Bruce King’s considerable experience designing sailboats in the 30-foot range shows through in the sailing qualities, accommodations, and construction of the Ericson 32-3.
The 32-3 was introduced in 1985, and at least 69 were built, some of them at Pacific Seacraft after the demise of Ericson Yachts in 1990. It shares a family resemblance with other Ericson cruiser/racers designed by King and extended the company’s reputation for building attractive, practical boats with good sailing manners.
A keel-stepped, black, anodized mast, tapered at the top to reduce weight and windage, supports the double-spreader masthead rig. The 207-square-foot mainsail drives the boat well in both cruising and racing modes. The boat is well balanced and sails both on and off the wind smartly under headsail only, making it easy to singlehand, especially with roller furling.
The large cockpit has a curved helmsman’s perch, which compensates for varying degrees of heel, and comfortably angled seatbacks for the crew. A boarding ladder is built into the stern pulpit. Copious storage is to be had under the starboard seat and in a lazarette. Hardware is more than adequate and includes Lewmar deck hatches, an acrylic companionway sliding hatch, stainless-steel guard rails at the mast, and four 10-inch aluminum mooring cleats.
The construction of the Ericson 32-3 is robust. The hull is hand-laid fiberglass and polyester resin, and the deck is fiberglass cored with end-grain balsa. A one-piece structural inner liner of hand-laminated fiberglass incorporates floors and stringers, adding strength to the hull and distributing concentrated loads from the engine, mast, and standing rigging.
Below, the first impression is one of quality and refinement highlighted by expansive use of teak. The sole is teak and holly. The U-shaped galley is located to starboard of the companionway ladder. Opposite is a forward-facing nav table; its seat is the head of the quarter berth.
In the saloon, which has 6 feet 2 inches of headroom, a teak table surrounded by large wraparound seats folds down to form a double berth. A long settee to starboard makes it a very social space.
The V-berth in the forward cabin is as wide at the head as it is long—6 feet 6 inches—and contains lots of storage space under hatches and in drawers. The head is aft of this cabin to port and contains the toilet, a sink, storage, and a shower.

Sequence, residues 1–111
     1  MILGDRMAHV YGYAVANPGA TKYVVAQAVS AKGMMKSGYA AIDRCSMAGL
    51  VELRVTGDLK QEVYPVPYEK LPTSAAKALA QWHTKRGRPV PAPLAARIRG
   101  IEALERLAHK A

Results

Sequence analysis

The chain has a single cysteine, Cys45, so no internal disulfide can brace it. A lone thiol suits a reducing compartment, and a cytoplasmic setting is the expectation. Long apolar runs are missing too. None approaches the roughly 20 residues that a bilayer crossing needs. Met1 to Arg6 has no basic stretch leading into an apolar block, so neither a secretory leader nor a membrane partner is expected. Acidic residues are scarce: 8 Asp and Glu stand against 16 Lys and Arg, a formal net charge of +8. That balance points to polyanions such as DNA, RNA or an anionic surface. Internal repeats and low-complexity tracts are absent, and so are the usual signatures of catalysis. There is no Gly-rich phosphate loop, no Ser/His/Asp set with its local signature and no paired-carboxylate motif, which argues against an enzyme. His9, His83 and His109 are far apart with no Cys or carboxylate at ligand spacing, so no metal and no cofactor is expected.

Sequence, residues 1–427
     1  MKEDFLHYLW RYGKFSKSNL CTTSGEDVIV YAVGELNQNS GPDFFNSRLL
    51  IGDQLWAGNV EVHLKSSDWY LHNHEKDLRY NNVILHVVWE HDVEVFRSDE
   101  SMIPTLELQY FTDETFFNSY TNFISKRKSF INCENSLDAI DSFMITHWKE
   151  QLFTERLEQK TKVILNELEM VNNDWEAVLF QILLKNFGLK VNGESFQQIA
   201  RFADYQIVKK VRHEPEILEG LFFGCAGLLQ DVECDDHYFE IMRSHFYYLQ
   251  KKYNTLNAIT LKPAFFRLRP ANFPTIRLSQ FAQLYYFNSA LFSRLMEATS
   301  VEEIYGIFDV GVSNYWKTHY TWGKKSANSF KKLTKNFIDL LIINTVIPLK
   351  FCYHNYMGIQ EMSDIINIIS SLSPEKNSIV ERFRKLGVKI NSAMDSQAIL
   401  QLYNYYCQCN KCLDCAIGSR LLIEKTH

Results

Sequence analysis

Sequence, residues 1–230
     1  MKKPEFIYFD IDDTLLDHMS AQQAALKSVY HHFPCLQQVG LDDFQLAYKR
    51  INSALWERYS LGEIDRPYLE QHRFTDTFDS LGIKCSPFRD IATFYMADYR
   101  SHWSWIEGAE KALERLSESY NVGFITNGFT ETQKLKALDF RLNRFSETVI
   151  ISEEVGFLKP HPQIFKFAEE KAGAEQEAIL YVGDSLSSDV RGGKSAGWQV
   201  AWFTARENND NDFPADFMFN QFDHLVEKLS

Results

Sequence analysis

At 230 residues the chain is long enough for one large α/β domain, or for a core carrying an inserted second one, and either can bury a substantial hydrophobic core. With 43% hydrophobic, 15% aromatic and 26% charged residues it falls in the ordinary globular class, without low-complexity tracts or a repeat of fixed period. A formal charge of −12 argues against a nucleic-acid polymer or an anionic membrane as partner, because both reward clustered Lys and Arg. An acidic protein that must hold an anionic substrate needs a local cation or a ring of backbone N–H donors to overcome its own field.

Removing the companionway ladder provides excellent access to the engine. Original equipment was a 21-horsepower Universal diesel, which delivers a cruising speed of a little over 6 knots while burning about half a gallon of fuel per hour. The boat is unusually quiet under power.
While the usual caveats apply regarding leaks around deck fittings, water penetrating the core material, and so forth, it’s difficult to fault this boat as cruiser or racer. One owner noted that the rudderstock stuffing box is difficult to service and that the original white paint coating the hull interior has an annoying tendency to flake off.
Having owned several Ericsons, I think the 32-3 meets or exceeds the highest standards of construction, predictable handling, and sensible layouts with which Ericson established its reputation. It ghosts along nicely in light breezes and, handled well and with prudent reefing, will stand up to heavy weather. It’s comfortable to live aboard, weatherly, and forgiving in a jam. Used boats are listed from $22,000 to $45,000.
LOA 32’ 6” (9.91 m.)
LWL 25’ 10” (7.87 m.)
Beam 10’ 10” (3.30 m.)
Draft (standard) 6’ 0” (1.83 m.)
(shoal) 4’ 4” (1.32 m.)
Sail Area (100%) 497 sq. ft. (46.2 sq. m.)
Ballast 4,200 lb. (1,905 kg.)
Displacement 9,800 lb. (4,444 kg.)
Water 33 gal. (125 l.)
Fuel 22 gal. (83 l.)
Engine 21-hp. Universal diesel
Designer Bruce King
Richard Smith and his wife, Beth, sail their Ericson Cruising 31, Kuma, in the Pacific Northwest.